“The Tenderloin is one of the highest needs areas in San Francisco with the densest concentration of children in the city,” said Supervisor Matt Haney. “The TLCBD has done a lot to help keep the streets of the Tenderloin safe, clean, and healthy for the neighborhood’s children, seniors, adults, and businesses. It has done this in a way that engages community participation, employs harm reduction strategies, and honors the human dignity of all of the TL’s residents both housed and unhoused. I strongly support the TLCBD’s renewal and look forward to continuing to work with them in my district.”

Union Square Business Improvement District

The Union Square BID, San Francisco’s oldest such district, was renewed for an additional ten years on July 9. It will raise approximately $6 million per year in special assessments to carry out its management plan, making it San Francisco’s largest district by assessment revenue.  The boundaries of the district include approximately 620 parcels located on 27 whole or partial blocks, bounded by Bush Street on the north, Kearney Street on the east, Market Street on the south, and Taylor and Mason Streets on the west.

New services include a 24/7 dispatch center for the public and stakeholders to alert the BID to areas that need attention, additional staff focused on cleaning and safety with a 20% wage increase, and safety and hospitality ambassadors who will assist those in need within the district during the day and overnight between 10pm and 6am.

Civic Center Community Benefit District

On Tuesday, July 16, Civic Center property owners voted to approve the renewal and expansion of the Civic Center CBD. The Board of Supervisors will vote on the renewal of the Civic Center CBD on Tuesday, July 23. If approved, the Civic Center CBD will raise approximately $3.2 million per year in special assessments from properties within the CBD to carry out its management plan. The boundaries of the district would include approximately 773 parcels on 43 whole or partial blocks, bounded by Golden Gate Avenue and Turk Street to the north, Market Street to the south, 7th Street to the east, and Gough Street to the west.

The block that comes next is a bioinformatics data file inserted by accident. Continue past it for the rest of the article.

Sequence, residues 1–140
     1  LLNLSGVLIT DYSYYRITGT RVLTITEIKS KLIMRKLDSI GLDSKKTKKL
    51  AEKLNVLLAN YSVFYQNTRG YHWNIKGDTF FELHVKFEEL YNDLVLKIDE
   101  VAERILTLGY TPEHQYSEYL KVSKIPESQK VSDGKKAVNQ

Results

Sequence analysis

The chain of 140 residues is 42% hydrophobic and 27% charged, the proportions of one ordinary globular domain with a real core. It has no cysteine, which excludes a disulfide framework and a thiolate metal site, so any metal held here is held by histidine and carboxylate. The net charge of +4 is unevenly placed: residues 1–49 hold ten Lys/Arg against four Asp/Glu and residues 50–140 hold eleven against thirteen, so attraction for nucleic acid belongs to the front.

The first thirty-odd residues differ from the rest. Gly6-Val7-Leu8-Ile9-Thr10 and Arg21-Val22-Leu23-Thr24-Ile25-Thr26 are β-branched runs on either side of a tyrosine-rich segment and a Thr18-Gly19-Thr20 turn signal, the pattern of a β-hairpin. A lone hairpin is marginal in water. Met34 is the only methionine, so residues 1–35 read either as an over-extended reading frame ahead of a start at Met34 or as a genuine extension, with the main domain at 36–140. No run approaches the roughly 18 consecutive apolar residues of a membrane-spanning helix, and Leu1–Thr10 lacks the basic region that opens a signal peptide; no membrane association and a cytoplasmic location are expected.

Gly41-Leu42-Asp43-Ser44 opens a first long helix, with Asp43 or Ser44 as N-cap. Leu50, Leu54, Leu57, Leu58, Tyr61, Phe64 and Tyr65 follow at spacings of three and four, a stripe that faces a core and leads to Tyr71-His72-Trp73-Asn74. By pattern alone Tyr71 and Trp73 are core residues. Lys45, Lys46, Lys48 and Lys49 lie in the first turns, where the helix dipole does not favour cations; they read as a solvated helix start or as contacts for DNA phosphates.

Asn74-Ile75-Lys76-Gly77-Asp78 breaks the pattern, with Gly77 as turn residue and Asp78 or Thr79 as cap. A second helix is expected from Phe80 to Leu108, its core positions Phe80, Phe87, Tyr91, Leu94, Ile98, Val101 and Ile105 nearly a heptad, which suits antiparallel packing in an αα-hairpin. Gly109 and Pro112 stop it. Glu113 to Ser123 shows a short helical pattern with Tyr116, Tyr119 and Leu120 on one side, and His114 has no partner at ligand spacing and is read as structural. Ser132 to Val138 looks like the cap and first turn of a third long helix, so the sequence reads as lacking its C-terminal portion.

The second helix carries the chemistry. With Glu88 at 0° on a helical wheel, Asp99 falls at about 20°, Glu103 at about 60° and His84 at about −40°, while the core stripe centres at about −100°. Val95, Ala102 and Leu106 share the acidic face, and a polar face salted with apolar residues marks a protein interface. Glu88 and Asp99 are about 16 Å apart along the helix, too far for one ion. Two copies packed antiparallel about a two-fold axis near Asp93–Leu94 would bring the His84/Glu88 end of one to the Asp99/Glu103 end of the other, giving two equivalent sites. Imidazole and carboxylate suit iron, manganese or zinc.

“Since 2011, the Civic Center Community Benefit District has helped support cleanliness and safety in Hayes Valley and the surrounding neighborhood,” said Supervisor Vallie Brown. “I look forward to working with neighbors and the CBD to serve the diverse needs of District 5 stakeholders—residential and commercial, housed and unhoused.”

More information on the Community Benefit District program can be found at:

https://oewd.org/community-benefit-districts.